Block transfer. Students who are granted admission to a post-diploma program, for example, may be granted a block of transfer credit based on a completed credential. In these cases, the student’s transcript is reviewed and transfer credit is awarded as a block of credit rather than on a course-by-course basis. See Block Transfer Credit.
Business and Administrative (area of study). A group of courses within the Applied Studies area: Accounting (ACCT), Administration (ADMN), Communications (COMM), Computers and Management Information Systems (CMIS), e-Commerce (ECOM), Economics (ECON), Entrepreneurship (ENTP), Finance (FNCE), Governance (GOVN), Health Administration (HADM), Human Resources Management (HRMT), Industrial Relations (IDRL), Legal Studies (LGST), Management Science (MGSC), Marketing (MKTG), Organizational Behavior (ORGB), and Taxation (TAXX).
Calendar. This is the document containing the University’s regulations. The online Calendar is the official Calendar. In the event of any discrepancies between the program websites and the online Calendar, the online Calendar will be binding.
US = catalogue
UK = prospectus
Challenge for credit process. A university process whereby students have the opportunity to demonstrate that they have acquired a command of the general subject matter, knowledge, intellectual and/or skills that would normally be found in a university level course. Refer to Challenge for Credit.
Communication. Communication between students and AU staff is done by a variety of methods. Asynchronous communication describes communication that does not occur simultaneously. Email, for example, is asynchronous. Synchronous communication is live. It describes communication that occurs simultaneously; for example, chatrooms, teleconference, and videoconference.
Computer requirements. AU’s standard computing platform is a computer running Microsoft Windows with MS Office. The minimum requirements for students using a Mac or PC are access to a web browser, email, and the software capability to submit assignments as Word documents. See the AU IT website for current requirements. Some courses support other hardware and software platforms and may have more specific requirements noted in the online syllabus. AU courses that use eTextbooks may have specific technical requirements. See the eText Initiative website for updated information.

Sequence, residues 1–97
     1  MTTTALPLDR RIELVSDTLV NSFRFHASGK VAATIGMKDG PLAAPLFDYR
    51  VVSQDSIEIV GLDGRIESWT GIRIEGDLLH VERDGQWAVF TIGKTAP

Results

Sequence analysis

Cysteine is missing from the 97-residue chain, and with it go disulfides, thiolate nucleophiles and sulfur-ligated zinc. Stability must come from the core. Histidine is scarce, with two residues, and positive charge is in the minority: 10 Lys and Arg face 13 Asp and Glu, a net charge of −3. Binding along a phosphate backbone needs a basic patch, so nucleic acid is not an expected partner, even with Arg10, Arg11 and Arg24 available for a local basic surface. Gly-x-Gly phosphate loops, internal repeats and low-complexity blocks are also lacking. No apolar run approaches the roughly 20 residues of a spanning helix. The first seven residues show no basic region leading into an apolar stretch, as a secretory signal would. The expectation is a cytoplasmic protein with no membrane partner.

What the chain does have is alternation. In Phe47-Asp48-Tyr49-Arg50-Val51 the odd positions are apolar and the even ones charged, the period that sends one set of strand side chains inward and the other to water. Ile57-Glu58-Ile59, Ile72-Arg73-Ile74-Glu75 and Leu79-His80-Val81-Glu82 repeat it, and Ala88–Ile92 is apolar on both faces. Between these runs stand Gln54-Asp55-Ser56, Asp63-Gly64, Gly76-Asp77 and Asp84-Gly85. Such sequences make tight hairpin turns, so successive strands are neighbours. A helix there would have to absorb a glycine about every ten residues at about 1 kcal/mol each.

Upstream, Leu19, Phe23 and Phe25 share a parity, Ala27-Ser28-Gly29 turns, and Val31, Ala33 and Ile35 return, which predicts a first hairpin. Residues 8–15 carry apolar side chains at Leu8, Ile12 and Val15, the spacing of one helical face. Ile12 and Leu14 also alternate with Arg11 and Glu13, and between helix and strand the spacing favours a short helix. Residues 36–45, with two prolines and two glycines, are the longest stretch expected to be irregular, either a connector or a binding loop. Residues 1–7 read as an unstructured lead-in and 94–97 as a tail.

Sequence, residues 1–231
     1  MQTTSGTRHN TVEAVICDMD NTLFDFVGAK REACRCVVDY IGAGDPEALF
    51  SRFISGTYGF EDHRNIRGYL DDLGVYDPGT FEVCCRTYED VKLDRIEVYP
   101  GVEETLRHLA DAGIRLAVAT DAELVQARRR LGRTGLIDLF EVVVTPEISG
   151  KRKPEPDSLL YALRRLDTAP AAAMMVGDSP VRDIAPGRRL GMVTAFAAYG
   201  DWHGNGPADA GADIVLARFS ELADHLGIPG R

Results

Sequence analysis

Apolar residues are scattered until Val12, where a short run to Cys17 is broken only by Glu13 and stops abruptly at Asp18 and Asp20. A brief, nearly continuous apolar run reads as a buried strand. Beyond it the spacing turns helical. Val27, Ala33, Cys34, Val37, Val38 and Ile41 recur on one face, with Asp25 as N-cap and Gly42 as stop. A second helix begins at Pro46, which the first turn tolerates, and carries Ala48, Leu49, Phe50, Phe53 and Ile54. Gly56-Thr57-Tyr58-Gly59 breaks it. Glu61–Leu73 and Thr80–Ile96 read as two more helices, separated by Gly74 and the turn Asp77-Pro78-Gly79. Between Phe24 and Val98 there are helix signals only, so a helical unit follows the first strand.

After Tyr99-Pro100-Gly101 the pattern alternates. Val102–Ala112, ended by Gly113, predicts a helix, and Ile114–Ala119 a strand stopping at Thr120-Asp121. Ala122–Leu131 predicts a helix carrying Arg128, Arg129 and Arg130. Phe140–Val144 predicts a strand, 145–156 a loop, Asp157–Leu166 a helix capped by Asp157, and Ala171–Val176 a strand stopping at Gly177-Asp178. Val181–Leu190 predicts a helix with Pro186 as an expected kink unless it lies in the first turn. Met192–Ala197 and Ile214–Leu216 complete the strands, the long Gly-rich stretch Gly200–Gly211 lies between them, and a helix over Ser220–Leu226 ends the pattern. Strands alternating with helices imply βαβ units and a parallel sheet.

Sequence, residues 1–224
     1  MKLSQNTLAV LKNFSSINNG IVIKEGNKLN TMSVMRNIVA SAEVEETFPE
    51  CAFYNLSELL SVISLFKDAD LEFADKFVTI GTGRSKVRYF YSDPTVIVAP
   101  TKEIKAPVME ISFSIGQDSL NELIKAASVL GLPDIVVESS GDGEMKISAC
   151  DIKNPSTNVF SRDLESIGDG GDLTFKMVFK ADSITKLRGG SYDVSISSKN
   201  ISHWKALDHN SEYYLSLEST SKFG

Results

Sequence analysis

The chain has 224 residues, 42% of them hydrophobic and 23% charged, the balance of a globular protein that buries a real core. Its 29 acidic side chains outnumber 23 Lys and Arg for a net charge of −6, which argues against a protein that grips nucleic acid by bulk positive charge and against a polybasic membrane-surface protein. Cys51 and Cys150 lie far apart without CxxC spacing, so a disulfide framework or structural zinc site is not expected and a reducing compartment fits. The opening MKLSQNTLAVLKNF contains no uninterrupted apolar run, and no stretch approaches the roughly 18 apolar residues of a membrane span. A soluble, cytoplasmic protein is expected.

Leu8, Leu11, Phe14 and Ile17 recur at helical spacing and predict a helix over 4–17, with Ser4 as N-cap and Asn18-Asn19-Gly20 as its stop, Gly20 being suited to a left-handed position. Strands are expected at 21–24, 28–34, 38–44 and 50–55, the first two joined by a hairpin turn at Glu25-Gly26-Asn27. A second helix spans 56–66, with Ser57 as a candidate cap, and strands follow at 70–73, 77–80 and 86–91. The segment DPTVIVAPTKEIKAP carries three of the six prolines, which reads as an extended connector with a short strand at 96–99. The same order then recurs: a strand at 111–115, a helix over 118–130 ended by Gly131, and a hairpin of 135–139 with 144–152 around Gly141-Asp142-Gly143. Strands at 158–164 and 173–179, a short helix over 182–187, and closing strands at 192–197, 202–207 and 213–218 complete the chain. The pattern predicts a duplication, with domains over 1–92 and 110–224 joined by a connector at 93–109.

Concentration. A designated study focus within a three-year program, such as the Bachelor of Arts, Anthropology Concentration.
Convocation. The ceremony held every year where graduates participate in the conferral of degrees, usually in Athabasca, Alberta. Visit the Convocation website for specific dates.
Counsellors. Counsellors can help students clarify their educational and career goals, decide on a program of study, develop sound study and personal management skills, identify and overcome barriers to learning. Visit the Counselling website.
Courier Services – Examination Request. Because postal and courier times vary, students must request their examination well in advance of the requested write date. If not enough time is allowed, AU cannot guarantee that the student's examination will arrive before the requested write date.
Courier Services – Transcripts. Students can request their transcript be sent to themselves or another institution by courier. See the current fees.
Course Administration and Technology Fee. This mandatory fee supports the delivery of Athabasca University-produced learning resources, student learning systems, library services, and learning design and development. The fee is charged for all course registrations: initial or re-registration.
Course composite grade. The final grade for a course expressed as an Alpha grade. The course composite grade reflects a student's understanding of the course materials. The course composite grade is often a weighted average of the student's marks for quizzes, assignments, tests, and examinations. See Undergraduate Grading Policy.
Course contract period. The time that students are actively registered in a course. The course begins on the course contract start date and runs until the course contract end date.
Course contract start date. The date students officially start a course. For individualized study students this is usually the first day of the month of the course contract period. For grouped and paced online study, this is the date of the first scheduled class.
Course contract end date. The last day for students to complete an individualized study course is always the last day of the month (or the day the student finishes the course, if earlier). The last day for students to complete a grouped study course is always the date of the last scheduled course meeting.
Course extension. The purchase of additional time and access to AU resources in order to complete a course. See relevant section of Calendar.
Course load. The number of courses a student is actively registered in at one time. The maximum course load is six courses at a time. See the relevant section of the Calendar for more detail.